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May 19, 2023

NYS Public Service Commission Formally Initiates Proceeding to Establish What Constitutes "Zero Emission" Under the CLCPA

On May 18, 2023, the New York State Public Service Commission (NYSPSC) issued its “Order Initiating Process Regarding Zero Emissions Target” to begin the process to discern what technologies qualify as “zero emission” for the purposes of compliance with the Climate Leadership and Community Protection Act (CLCPA). Among other requirements, under the act, New York State’s energy demand must be met by electricity generated with zero emissions by the year 2040 (Zero-Emission by 2040 Target). Previously, the NYSPSC acted on its CLCPA obligations by adopting modifications to its Clean Energy Standard, which, since 2015, initially established similar clean energy targets as goals rather than mandates.

The Order acknowledges that, while renewable energy resources were the focus of the Clean Energy Standard, several studies have indicated that these technologies might not be capable of meeting the full range of electric system reliability needs that will arise as fossil-fueled generation is retired and replaced. For example, the intermittent nature of renewable generation such as solar or wind is a known drawback where energy demand cannot be adequately met when the sun goes down or the wind stops blowing. Presently, New York State still relies heavily upon natural gas–based generation to meet baseload demand as well as for periods of high demand.

This appreciable “gap” has been a known concern for years, with the issue being raised by the Independent Power Producers of New York, Inc., the New York State Building and Construction Trades Council, and the New York State AFL-CIO in a joint petition filed on August 18, 2021. The joint petition in part requested that the NYSPSC consider a new Clean Energy Standard tier1 for zero emissions resources; while this Order refrains from doing so, it instead aims to identify what technologies can close the gap and seeks stakeholder input accordingly. Part of this process involves determining whether certain technologies, such as bioenergy, hydrogen, and carbon capture and sequestration, as well as additional, new nuclear energy facilities, which are not renewable yet but do not emit carbon-like fossil-fueled generation, can fulfill a role in achieving the Zero-Emission by 2040 Target.

The Order poses 14 questions to be addressed through a technical conference and stakeholder input. These questions relate to how “zero emissions,” as understood by Public Service Law Section 66-p(2)(p) and the CLCPA, should be defined; what resources should be considered “zero emissions” for this purpose; how these resources should be utilized and what technology innovations are required to be viable for meeting the Zero-Emission by 2040 Target; and how the state can effectively develop these resources and measures that will ensure the Zero-Emission by 2040 Target will be met.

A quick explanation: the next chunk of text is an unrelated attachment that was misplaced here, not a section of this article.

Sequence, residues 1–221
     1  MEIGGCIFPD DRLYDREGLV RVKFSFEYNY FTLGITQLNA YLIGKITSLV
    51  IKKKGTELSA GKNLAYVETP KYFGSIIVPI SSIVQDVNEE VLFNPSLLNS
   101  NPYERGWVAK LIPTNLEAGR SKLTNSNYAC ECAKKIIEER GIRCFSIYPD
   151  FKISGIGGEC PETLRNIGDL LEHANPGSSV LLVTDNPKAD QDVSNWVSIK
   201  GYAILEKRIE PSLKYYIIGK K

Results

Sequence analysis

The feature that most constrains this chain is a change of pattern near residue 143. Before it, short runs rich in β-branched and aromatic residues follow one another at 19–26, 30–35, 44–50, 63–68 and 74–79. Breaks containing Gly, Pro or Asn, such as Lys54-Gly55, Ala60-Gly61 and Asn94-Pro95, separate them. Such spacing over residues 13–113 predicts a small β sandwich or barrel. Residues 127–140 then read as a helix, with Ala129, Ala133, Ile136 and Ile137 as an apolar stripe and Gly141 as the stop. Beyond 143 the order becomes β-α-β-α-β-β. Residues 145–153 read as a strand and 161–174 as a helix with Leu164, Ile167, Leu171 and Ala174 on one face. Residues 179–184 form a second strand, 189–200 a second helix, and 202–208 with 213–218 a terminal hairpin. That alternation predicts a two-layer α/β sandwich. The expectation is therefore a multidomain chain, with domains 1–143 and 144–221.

Per the Order, Department of Public Service (DPS) staff, in consultation with the New York State Energy Research and Development Authority (NYSERDA), will convene the technical conference within the next 120 days. Barclay Damon’s Regulatory Practice Area and Energy Team attorneys will continue to monitor the proceedings for updates, including information on opportunities to participate.

If you have any questions regarding the content of this alert, please contact Brenda Colella, Regulatory Practice Area co-chair, at bcolella@barclaydamon.com; Ekin Senlet, Regulatory Practice Area co-chair, at esenlet@barclaydamon.com; Yvonne Hennessey, Environmental Practice Area chair, at yhennessey@barclaydamon.com; David Solimeno, associate, at dsolimeno@barclaydamon.com; or another member of the firm’s Regulatory or Environmental Practice Areas.
 

                                                      

1New York State’s Clean Energy Standard presently has four tiers: Tier 1, which obligates load-serving entities to serve retail customers with renewable resources, purchase renewable energy certificates (RECs), or make alternative compliance payments; Tier 2, which established a maintenance program to support existing renewable facilities deemed at financial risk of ceasing operations; Tier 3, which established zero-emission credits (ZECs) that supported existing nuclear facilities in Upstate New York; and Tier 4, added in 2020, which focuses on renewable energy procurement to serve New York City.

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